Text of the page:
Brits release two convicted terrorist because of "prison overcrowding"

Telegraph:

Two convicted terrorists have been released early under a controversial Government scheme to ease prison over-crowding, ministers have been forced to admit.

One is a radical Muslim cleric - Yassin Nassari, 29 - who was caught trying to smuggle blueprints on how to build a missile into Britain.

The identity of the second terrorist had not been made public but the BBC reported he was Abdul Muneem Patel, who was released from Glen Parva jail in Leicestershire on Jan 7 this year.

Patel, of east London, was jailed for six months at the Old Bailey in October 2007 after a jury found him guilty of having a terrorism-related explosives manual.

The judge said there was no reasonable excuse to have the manual - but added the teenager was not a "radicalised or politicised Islamist".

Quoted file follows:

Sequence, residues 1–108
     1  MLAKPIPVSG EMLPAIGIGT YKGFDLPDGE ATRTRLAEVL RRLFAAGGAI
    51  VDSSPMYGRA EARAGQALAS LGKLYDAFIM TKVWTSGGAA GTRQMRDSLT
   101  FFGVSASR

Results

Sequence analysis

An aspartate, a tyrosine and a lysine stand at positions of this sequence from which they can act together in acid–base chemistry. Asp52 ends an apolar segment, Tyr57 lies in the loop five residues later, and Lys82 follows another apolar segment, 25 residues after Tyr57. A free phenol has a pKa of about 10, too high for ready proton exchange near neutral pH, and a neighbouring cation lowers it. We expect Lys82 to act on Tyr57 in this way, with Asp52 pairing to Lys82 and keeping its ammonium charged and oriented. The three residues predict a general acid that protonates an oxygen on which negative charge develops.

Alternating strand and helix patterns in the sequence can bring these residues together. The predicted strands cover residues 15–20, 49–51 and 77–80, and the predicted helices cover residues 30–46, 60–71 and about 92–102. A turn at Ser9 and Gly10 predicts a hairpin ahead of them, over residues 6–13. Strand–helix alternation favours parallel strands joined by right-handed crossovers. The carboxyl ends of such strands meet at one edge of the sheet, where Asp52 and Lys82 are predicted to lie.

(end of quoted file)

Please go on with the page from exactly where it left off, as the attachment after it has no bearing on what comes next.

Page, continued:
After news of the early releases became public, Jack Straw, the Justice Secretary, was forced to announce emergency measures to prevent the future early release of terrorists.

However Mr Straw was accused of putting Britons in danger following the release of the men before they had served their sentences.

...

Opposition officials obviously were upset about the releases and castigated the incompetence of the Labor government. I am sure we could have found some room for these guys at Gitmo.

The Guardian is now reporting that the early release practice has now been banned by the government. Why was it ever allowed?

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